First, the House voted on a Trade Preferences Extension Act, which overwhelmingly passed with bipartisan support, 397-32. Then, later Thursday, the House is set to vote on the rule for consideration of the remaining trade legislation. Rule votes typically pass along party lines, though Republican opponents to the trade bill, if they were so moved, could sink TPA by voting down the rule.  

On Friday, the House is supposed to vote on Trade Adjustment Assistance, and, if that passes, the House would then vote on TPA. Democrats were expected to largely carry TAA, which offers aide to workers who lose or leave their jobs as a result of international trade deals, while Republicans were supposed to largely carry TPA.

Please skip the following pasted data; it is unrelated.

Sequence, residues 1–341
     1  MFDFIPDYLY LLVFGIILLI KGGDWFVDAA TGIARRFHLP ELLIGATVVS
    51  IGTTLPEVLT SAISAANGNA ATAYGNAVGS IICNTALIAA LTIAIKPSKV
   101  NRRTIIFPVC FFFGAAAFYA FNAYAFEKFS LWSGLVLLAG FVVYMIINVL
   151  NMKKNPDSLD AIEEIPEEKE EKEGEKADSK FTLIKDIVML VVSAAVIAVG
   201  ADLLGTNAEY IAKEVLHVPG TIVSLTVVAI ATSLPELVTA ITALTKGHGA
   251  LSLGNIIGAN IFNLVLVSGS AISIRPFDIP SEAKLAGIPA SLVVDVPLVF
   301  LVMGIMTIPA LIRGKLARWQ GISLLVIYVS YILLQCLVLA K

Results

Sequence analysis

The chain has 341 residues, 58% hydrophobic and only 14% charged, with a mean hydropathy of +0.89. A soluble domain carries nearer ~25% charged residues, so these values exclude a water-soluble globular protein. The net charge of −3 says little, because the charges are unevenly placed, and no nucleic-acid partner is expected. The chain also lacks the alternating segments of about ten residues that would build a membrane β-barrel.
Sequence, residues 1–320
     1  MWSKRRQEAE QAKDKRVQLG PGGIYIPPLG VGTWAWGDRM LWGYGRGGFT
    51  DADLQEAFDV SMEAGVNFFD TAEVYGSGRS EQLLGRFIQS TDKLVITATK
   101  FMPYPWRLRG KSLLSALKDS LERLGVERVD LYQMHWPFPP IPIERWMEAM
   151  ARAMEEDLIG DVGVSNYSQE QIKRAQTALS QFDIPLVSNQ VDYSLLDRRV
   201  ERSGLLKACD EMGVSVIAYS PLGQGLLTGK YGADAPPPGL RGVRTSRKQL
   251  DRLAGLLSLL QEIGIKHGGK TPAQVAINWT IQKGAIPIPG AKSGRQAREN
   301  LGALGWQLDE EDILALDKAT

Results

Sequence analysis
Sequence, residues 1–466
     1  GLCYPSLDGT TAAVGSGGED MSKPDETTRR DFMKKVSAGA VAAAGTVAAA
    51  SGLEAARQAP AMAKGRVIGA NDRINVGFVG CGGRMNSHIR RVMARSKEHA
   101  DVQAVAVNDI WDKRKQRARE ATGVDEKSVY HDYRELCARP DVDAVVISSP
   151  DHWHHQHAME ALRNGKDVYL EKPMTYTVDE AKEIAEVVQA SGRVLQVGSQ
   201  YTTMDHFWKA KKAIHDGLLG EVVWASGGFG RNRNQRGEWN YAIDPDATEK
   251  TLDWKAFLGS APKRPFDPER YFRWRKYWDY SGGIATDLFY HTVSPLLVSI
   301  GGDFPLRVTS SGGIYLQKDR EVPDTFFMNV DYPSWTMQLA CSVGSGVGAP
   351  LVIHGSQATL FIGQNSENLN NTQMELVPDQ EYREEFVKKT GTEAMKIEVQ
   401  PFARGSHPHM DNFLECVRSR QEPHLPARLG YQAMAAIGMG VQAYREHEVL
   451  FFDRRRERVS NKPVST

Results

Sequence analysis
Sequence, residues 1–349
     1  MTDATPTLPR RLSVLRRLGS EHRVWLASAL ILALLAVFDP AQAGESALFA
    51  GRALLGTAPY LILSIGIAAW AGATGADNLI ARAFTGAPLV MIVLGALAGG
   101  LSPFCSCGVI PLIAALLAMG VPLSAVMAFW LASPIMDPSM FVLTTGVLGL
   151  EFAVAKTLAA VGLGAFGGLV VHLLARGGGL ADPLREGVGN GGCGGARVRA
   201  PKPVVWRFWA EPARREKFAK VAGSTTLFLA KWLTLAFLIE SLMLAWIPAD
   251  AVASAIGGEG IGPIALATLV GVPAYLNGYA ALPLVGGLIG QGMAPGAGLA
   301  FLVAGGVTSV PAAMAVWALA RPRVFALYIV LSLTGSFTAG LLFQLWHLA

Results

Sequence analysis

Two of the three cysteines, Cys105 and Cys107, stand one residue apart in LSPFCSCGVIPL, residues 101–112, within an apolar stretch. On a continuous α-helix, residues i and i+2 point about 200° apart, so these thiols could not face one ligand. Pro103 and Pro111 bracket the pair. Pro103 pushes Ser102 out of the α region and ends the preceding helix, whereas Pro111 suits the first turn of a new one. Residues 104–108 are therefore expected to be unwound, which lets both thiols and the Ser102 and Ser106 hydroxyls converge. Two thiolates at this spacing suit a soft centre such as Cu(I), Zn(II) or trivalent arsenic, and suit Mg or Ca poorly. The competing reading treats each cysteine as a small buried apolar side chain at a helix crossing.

But an increasing number of Democrats now seem keen to the idea of killing TAA in an effort to stop TPA.  

“The two are linked, so if TAA doesn’t pass, it puts a hold on both,” Ways and Means ranking member Sander M. Levin told reporters as he exited the Democratic Caucus meeting Thursday. Levin said he would be voting against TAA.  

“The main issue is TPA,” the Michigan Democrat said. “That’s the main issue before us, and I think that remains to be the focus.”  

Normally, Democrats — particuarly Levin, who has sponsored TAA bills in the past — are more than happy to support assistance for workers displaced by trade deals. Except this time, TAA passage is largely tied to passage of TPA, which will set up fast-track rules for the Trans-Pacific Partnership and other future trade deals. With the vast majority of House Democrats opposing TPA, members see an opportunity to stop the trade deal dead in its tracks.